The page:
The second concern arises from the government majority on every committee. So far, it seems that government members are controlling committee agendas to the point that they will not allow discussion of any contentious subject, or agree to hear evidence from any but the most pliant witnesses. This may be something in the way of ‘pay-back’ because during the previous minority regimes, the opposition majority on defence committees insisted on hearing mainly from witnesses with an axe to grind.
While troubling, these two concerns pale in comparison to a third circumstance that has emerged.
Since the Second World War, every new Canadian government has conducted a comprehensive foreign and defence policy review shortly after assuming power. The last formal review of foreign and defence policy was Prime Minister Paul Martin’s 2005 International Policy Statement. Conservative governments, in power since 2006, have not conducted any such review. This is no small omission because there are times when it seems that the current government was been operating ‘off the back of a cigarette pack’ when it comes to foreign and defence activity. For instance: Why is Canada active in Libya, but not in Yemen? Why did Canada apply sanctions against Syria and not Zimbabwe?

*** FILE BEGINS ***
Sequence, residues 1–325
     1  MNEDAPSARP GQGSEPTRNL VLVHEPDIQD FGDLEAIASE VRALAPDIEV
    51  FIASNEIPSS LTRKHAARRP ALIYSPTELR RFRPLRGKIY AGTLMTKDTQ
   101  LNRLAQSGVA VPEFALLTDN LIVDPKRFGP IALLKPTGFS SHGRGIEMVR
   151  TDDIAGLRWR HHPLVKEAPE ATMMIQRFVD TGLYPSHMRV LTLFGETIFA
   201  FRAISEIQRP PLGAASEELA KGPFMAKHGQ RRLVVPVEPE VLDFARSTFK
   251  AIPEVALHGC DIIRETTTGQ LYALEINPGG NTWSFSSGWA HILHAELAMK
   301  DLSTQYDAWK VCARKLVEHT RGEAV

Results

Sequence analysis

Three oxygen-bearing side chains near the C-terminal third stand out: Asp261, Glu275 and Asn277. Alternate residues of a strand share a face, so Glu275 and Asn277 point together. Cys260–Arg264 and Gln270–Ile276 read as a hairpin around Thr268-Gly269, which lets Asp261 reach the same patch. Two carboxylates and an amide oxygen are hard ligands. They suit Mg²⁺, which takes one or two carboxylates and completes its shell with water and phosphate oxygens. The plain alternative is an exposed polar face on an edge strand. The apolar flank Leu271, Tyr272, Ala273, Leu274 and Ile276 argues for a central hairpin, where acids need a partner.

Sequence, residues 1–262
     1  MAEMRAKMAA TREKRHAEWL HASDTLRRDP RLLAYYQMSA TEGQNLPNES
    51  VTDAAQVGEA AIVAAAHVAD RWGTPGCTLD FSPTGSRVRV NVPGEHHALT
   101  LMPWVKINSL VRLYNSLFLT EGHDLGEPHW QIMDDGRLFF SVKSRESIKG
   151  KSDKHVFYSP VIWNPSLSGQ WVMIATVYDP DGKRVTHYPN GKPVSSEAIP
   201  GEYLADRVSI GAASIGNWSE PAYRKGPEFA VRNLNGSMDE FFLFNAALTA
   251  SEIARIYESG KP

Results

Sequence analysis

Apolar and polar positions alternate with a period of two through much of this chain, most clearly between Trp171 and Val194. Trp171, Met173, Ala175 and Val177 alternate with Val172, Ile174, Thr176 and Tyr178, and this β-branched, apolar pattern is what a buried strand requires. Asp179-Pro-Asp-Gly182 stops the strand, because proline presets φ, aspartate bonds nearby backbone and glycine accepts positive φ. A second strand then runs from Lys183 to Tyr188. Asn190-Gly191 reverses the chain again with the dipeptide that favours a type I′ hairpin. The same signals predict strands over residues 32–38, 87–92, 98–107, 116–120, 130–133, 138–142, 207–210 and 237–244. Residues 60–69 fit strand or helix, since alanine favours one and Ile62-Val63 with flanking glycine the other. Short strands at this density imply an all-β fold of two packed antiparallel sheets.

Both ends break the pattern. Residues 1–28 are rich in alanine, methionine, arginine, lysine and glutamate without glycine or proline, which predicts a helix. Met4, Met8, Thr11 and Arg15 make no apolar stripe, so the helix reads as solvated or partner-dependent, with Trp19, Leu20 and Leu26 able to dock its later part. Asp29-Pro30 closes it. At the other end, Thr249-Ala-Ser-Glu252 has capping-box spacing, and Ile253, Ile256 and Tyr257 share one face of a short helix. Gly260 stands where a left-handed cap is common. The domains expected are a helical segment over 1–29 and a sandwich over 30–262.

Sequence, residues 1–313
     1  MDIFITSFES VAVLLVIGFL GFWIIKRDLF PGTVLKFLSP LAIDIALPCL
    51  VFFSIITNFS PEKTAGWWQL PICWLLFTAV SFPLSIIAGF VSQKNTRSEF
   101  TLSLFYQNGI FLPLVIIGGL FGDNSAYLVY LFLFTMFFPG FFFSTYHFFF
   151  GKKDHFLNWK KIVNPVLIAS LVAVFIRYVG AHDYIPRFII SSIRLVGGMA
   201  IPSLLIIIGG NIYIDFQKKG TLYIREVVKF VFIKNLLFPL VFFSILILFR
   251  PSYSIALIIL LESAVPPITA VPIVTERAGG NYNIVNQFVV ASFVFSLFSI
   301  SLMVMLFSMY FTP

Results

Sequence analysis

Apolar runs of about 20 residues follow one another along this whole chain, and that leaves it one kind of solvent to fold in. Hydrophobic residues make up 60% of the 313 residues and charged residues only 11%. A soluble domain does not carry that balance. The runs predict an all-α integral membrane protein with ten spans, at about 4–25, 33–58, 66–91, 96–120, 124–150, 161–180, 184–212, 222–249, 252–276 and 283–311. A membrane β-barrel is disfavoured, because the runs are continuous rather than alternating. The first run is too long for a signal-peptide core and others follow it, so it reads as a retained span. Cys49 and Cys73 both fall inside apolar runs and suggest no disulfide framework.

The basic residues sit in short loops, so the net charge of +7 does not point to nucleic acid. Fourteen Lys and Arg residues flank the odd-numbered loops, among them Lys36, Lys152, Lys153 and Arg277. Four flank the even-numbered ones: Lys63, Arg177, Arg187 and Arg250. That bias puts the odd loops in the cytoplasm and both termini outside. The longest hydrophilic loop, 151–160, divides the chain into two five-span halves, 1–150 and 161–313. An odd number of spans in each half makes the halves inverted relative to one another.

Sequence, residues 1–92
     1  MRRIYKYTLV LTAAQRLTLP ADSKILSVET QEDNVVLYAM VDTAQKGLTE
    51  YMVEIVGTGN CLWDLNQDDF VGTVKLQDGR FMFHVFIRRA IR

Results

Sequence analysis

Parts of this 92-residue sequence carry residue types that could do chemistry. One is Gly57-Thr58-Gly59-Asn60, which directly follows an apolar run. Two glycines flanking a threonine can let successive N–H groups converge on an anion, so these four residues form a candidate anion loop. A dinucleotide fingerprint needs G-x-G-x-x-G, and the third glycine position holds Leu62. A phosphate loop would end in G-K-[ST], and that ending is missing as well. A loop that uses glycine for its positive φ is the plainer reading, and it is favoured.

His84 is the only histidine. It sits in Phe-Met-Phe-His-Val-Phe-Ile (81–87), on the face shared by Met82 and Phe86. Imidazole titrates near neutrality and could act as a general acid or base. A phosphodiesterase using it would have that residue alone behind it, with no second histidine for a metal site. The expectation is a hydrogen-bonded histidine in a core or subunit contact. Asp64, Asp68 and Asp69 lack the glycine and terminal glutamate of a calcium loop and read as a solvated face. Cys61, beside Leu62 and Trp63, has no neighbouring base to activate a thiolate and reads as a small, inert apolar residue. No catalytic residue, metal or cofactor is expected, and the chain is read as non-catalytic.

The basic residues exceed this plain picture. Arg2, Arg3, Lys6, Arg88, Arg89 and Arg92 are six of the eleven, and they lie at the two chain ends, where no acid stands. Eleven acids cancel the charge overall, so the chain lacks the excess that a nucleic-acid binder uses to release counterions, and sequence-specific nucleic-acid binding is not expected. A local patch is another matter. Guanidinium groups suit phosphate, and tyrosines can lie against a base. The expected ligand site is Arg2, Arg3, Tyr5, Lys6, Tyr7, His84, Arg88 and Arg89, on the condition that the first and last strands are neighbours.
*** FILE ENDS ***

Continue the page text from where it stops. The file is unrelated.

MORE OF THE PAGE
At present, there is no explicit Canadian foreign policy to explain all of our overseas actions. Foreign Minister John Baird’s address to the United Nations General Assembly last September came close to expressing overall foreign policy, but one-liners do not a policy make.
As well, there is no legitimate Canadian defence policy. There is no higher document that defines policy framework within which the CF will operate. When and why will Canada fight? We don’t know because the government hasn’t told us. The Canada First Defence Strategy is not a policy, at least not in the true sense of the word. In fact, it describes itself as a road map for the modernization of the Canadian Forces. Besides it is currently unaffordable and needs revision or more money.
Government may indeed have a coherent understanding of its own global intentions, but these intentions must be shared with Canadians. Public discussion will enhance policy legitimacy and this is precisely the kind of exercise parliamentary committees concerned with defence issues should be pursuing. Both the Senate Standing Committee on National Security and Defence and the House of Commons Standing Committee on National Defence should be taking the government to task over why there is no clear public expression of Canadian foreign and defence policies.
The committees should now be focused on hearings from a large number of foreign and defence policy academics and specialists to support a comprehensive foreign and defence policy review that government ought to undertake as soon as possible.
These are the kinds of issues on which parliament should be focused – not dabbling in curiosities inflated by hyperbolic media babble. There is no need to get excited over the rumour that the government wants to replace A Mari Usque Ad Mare on the Canadian coat of arms with We don’t go along just to get along. Let’s move on to something more important.
Hudson on The Hill
© FrontLine Defence 2011